The Edinburgh Review: Or Critical Journal, Volume 22 (Google eBook)

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A. Constable, 1814
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Page 83 - Here let those reign, whom pensions can incite To vote a patriot black, a courtier white; Explain their country's dear-bought rights away...
Page 78 - A cherub's face, a reptile all the rest. Beauty that shocks you, parts that none' will trust, Wit that can creep, and pride that licks the dust.
Page 239 - An Account of the Systems of Husbandry adopted in the more improved districts of Scotland; with some observations on the improvements of which they are susceptible.
Page 78 - Now high, now low, now master up, now miss, And he himself one vile antithesis. Amphibious thing ! that acting either part, The trifling head, or the corrupted heart ; Fop at the toilet, flatterer at the board, Now trips a lady, and now struts a lord.
Page 80 - Thus we are in the condition of patients, who have physic sent them by doctors at a distance, strangers to their constitution and the nature of their disease...
Page 49 - There in the west ! and now, alas, 'tis gone ! 'Twas all a dream ! we gaze and gaze in vain ! But mark and speak not, there it comes again ! It moves ! what form unseen, what being there With torch-like lustre fires the murky air ? His instincts, passions, say, how like our own ! O, when will day reveal a world unknown...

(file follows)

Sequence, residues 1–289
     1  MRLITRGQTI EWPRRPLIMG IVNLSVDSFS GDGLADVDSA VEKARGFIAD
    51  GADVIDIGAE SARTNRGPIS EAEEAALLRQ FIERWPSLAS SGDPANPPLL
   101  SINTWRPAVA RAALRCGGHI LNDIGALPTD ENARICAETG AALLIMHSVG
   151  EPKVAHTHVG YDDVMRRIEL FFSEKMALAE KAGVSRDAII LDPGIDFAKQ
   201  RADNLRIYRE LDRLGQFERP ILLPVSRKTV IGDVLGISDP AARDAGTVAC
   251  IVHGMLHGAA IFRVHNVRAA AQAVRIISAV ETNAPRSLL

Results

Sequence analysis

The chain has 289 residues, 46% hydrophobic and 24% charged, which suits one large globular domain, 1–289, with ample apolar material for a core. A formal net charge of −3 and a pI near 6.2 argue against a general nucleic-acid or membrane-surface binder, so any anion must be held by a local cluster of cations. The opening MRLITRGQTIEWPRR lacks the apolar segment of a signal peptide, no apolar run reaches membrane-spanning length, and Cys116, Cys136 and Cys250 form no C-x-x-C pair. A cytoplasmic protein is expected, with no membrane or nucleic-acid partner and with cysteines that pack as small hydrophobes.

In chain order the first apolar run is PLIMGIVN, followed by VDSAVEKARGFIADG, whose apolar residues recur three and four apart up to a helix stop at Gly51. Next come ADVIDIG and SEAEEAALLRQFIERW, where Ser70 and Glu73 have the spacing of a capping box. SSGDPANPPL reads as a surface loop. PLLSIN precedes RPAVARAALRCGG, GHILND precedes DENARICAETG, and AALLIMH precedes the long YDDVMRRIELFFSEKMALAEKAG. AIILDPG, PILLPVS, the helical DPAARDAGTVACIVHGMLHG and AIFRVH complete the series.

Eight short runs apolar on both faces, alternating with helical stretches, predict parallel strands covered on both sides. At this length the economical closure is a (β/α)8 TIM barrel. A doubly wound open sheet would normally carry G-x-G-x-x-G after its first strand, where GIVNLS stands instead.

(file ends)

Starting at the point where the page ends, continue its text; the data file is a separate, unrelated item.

Page 86 - Here is a specimen of the new and pure aristocracy created by the right honourable gentleman,* as the support of the crown and constitution, against the old, corrupt, refractory, natural interests of this kingdom ; and this is the grand counterpoise against all odious coalitions of these interests.
Page 250 - SHIPWRECKS and DISASTERS at SEA ; or Historical Narratives of the most noted Calamities and Providential Deliverances which have resulted from MARITIME ENTERPRISE; with a Sketch of Various Expedients for preserving the Lives of Mariners.
Page 79 - Thomas, Earl of Wharton, lord lieutenant of Ireland, by the force of a wonderful constitution, has some years passed his grand climacteric, without any visible effects of old age, either on his body or his mind ; and in spite of a continual prostitution to those vices, which usually wear out both. His behaviour is in all the forms of a young man at five-and-twenty. Whether he walks, or whistles, or swears, or talks bawdy, or calls names, he acquits himself in each, beyond a templar of three years...
Page 489 - The Worth of a Penny: or, A Caution to keep Money. WITH THE CAUSES OF THE SCARCITY AND MISERY OF THE WANT THEREOF, in these hard and Merciless Times. As also HOW TO SAVE IT, in OUR DIET, APPAREL, RECREATIONS, &c.

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